Naturally, story is another thing a point-and-click has to nail. Truberbrook does that too, though not much can be said in detail without venturing into spoiler territory. It hits the right notes for sci-fi and mystery without tipping the balance too much in either way.

The mysteries are enigmatic enough to keep you wanting to find out what happens next. There is some more obvious foreshadowing and some obscure things here and there you know are significant, but can’t put your finger on why.

All in all, though, the player is rather like Hans — completing tasks and trying to move forward, all without a clue about where the various threads will meet and what will happen when they do.

The sci-fi elements are what you’d expect from a sci-fi narrative, all without venturing into hammy territory, and the story’s period setting is one aspect that helps keep it balanced.

As with any well-told story, there are plenty of twists and turns to keep you engaged along the way as well. The story's overall length is similar to other games in the genre and should take between five and eight hours total, depending on how quickly you move through things.

Kickstarter backers get an extra prologue scene to play through as well, starring a character Hans meets later on. Although the scene doesn't add too much to the narrative, it serves as a fun introduction to the game’s broader tone, mechanics, and world.

Truberbrook’s pacing is brisk, and the story’s natural peaks and troughs do an excellent job segmenting everything. Still, the developers decided to break things up into chapters, with some chapters having random sub-headings pop up for major events.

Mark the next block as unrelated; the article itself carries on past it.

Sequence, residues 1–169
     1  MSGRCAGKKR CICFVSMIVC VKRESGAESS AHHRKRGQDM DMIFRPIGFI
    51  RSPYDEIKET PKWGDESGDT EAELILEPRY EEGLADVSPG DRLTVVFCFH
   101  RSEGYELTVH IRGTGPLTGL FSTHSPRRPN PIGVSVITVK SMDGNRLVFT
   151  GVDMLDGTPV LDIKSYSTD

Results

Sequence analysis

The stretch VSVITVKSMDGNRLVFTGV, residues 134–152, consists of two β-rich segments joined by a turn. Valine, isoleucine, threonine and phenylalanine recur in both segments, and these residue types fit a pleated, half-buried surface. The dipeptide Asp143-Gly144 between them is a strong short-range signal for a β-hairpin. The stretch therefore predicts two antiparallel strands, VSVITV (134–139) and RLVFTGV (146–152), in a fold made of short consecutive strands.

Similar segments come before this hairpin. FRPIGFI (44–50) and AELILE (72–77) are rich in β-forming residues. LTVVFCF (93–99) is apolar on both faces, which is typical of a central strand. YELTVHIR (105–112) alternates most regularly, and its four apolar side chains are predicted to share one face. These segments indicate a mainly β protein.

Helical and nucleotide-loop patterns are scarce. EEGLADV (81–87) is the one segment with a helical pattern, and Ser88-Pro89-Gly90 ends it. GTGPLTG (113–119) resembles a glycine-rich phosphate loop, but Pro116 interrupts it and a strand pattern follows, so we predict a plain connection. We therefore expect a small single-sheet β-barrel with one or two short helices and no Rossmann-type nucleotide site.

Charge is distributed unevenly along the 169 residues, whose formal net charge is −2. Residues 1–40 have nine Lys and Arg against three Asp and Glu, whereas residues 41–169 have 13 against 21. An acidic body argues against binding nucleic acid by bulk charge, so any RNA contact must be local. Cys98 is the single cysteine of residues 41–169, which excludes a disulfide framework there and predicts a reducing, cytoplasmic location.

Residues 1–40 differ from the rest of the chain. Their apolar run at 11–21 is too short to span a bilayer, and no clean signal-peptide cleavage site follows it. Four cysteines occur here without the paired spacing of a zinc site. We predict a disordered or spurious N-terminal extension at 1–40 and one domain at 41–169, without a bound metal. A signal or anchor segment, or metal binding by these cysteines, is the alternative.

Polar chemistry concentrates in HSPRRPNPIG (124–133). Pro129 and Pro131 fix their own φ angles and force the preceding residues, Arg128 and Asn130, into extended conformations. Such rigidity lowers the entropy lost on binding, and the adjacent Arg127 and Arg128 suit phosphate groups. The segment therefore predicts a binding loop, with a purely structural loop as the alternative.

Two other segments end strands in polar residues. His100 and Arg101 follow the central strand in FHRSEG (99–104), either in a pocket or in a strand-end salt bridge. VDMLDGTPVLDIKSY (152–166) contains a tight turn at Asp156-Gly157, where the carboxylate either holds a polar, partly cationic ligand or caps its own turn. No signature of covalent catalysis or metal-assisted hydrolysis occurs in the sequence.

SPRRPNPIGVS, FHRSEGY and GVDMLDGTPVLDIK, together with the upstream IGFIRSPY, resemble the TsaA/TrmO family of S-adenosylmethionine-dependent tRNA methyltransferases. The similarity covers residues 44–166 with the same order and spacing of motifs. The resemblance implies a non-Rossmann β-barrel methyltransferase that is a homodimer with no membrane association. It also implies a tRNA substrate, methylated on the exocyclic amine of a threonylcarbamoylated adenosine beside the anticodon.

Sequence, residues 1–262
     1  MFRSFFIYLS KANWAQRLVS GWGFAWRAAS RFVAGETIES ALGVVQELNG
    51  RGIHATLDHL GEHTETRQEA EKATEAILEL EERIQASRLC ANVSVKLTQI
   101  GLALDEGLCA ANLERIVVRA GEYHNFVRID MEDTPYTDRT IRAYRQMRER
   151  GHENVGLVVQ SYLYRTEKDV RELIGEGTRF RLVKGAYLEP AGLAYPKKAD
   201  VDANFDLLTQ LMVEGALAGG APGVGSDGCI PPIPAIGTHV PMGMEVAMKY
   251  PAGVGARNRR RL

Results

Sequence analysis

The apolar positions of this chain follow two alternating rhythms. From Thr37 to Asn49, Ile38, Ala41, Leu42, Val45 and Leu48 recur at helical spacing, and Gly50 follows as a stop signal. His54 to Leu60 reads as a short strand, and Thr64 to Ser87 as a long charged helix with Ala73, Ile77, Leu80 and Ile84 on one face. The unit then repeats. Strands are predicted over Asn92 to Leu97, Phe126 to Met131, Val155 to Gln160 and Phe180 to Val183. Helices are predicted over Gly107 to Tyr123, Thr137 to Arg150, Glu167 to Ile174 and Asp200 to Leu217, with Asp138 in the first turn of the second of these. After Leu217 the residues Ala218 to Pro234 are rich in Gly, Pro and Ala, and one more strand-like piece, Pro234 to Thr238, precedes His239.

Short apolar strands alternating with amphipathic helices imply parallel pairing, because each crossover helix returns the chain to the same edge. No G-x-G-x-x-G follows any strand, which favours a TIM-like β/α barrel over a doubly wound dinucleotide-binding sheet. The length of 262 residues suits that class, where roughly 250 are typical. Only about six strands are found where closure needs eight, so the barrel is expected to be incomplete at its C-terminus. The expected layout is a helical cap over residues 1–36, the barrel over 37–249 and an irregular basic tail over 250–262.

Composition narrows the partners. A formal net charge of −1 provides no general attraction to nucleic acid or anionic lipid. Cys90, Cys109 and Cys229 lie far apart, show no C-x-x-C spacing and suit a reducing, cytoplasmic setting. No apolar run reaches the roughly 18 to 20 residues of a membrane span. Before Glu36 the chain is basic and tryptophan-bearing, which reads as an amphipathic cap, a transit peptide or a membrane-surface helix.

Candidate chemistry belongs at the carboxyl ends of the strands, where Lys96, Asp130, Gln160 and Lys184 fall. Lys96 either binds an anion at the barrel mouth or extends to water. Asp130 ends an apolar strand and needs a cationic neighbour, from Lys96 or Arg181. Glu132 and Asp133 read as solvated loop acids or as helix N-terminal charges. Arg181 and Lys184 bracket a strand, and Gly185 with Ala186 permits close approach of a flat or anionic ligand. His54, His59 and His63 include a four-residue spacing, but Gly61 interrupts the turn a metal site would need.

It’s a bit jarring, especially since the story does a good job of that on its own, and it actually makes the game seem shorter than it is. That, and the fact that the fourth chapter is the longest of the bunch, harms the game’s organic pacing and seems completely unnecessary because of it.

Getting from A to B

You likely already know what to expect from Truberbrook's basic gameplay if you're a fan of the genre. Being a point-and-click, you find areas of interest, click or select them, figure out what to do next from the context given, and determine which items from your inventory are most likely to solve whatever puzzle you’re dealing with.

Truberbrook doesn’t do anything astoundingly new to shake up the formula.

However, it doesn’t have to, because the gameplay uses it so well. There are many, many different items to interact with scattered all over the region. Not all of them are necessary to the story, but if you want to take part in the full experience, you’ll take the time to explore and read/hear Hans’ always interesting or amusing commentary on whatever he sees.

Inventory management is simple, too — so simple, in fact, that you don’t actually manage it. Hans automatically acquires a new item by interacting with it. If there’s an object or person that that item can be used with, it shows up under the gear option when you select the item to interact with.

However, some items can’t be used; only showing up as an option; thanks to some snappy dialog, though, it’s worth selecting them anyway, just to hear what Hans has to say.

Items that need to be combined in order to work show up as highlighted together, so you really never have to bother with figuring out the connections between seemingly random and useless items Hans picks up along his journey.